Concentrated Solar Power

Concentrated solar power (CSP) systems use mirrors to focus a large area of sunlight onto a much smaller area. When the concentrated light is converted into heat using a Heat Transfer Fluid, it drives a heat engine connected to an electrical power generator. CSP systems are considered a promising solar power technology for large-scale power generation. When CSP is coupled with thermal energy storage (TES), it is capable of producing constant power (baseload), enabling electricity supply 24 hours a day, tackling the intermittency nature of renewable energy power plants.

Masdar has developed different types of concentrated solar power systems. The 100-megawatt (MW) Shams 1 plant uses a parabolic trough system, which concentrates sunlight onto oil-filled pipes, acting as a heat transfer medium. The oil is heated and this heat, in turn, produces steam, which drives a conventional steam turbine.

Masdar’s 20MW Gemasolar plant in Spain uses an array of reflectors, or heliostats, that reflect sunlight onto a central receiver, which stores heat as molten salt. This, in turn, generates steam, which drives a steam turbine. Gemasolar was the world’s first utility-scale solar power plant to combine a central tower receiver system and molten salt storage technology, enabling power generation 24 hours a day.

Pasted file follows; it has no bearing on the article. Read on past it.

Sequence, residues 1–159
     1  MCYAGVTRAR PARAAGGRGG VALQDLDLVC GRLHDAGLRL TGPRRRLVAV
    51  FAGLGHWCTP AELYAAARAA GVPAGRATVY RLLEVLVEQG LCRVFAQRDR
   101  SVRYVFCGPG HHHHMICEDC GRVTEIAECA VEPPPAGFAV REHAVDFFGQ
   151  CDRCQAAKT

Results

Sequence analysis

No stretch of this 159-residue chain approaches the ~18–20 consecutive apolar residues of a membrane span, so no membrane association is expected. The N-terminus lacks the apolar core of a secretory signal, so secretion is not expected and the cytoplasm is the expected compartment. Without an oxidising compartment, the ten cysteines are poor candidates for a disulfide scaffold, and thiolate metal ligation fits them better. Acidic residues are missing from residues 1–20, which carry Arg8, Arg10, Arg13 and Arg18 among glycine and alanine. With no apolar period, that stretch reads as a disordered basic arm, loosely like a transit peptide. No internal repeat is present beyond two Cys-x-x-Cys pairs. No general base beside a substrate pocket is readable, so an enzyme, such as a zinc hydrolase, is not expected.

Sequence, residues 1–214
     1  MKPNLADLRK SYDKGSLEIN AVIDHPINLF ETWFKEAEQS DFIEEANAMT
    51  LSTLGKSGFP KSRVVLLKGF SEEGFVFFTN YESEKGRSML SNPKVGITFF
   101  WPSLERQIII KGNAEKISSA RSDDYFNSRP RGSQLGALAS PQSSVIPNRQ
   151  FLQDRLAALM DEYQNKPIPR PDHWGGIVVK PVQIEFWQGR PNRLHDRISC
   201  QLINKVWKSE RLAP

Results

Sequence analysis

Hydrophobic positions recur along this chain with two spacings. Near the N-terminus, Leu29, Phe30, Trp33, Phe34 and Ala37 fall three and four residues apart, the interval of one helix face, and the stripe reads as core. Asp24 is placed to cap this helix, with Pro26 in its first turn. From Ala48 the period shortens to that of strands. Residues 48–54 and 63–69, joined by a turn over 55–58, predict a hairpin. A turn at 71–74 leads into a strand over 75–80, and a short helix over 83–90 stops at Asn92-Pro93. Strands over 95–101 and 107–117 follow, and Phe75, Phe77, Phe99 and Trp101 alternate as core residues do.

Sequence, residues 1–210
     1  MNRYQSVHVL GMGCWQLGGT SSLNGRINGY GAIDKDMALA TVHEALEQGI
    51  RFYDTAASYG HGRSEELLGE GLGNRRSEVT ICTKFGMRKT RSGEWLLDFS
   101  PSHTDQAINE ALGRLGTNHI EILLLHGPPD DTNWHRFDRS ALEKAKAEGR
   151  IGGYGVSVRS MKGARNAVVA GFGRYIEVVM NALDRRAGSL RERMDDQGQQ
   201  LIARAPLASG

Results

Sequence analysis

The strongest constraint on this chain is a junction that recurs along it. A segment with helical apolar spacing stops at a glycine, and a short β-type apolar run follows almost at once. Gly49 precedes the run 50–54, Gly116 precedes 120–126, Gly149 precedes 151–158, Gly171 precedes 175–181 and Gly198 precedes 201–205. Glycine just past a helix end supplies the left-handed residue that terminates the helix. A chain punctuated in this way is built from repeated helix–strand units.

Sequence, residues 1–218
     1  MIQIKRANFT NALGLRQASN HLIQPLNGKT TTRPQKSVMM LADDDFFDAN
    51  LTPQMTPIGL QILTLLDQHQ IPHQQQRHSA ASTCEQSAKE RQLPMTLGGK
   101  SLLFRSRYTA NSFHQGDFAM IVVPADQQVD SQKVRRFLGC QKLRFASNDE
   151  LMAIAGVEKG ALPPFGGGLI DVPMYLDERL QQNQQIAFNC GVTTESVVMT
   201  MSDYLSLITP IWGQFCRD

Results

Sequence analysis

In March 2013, Masdar inaugurated Shams – one of the world’s largest Concentrated Solar Power (CSP) plants in operation and the first of its kind in the MENA region.


Emission reductions:

175,000 tonnes annually

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Concentrated Solar Power | United Arab Emirates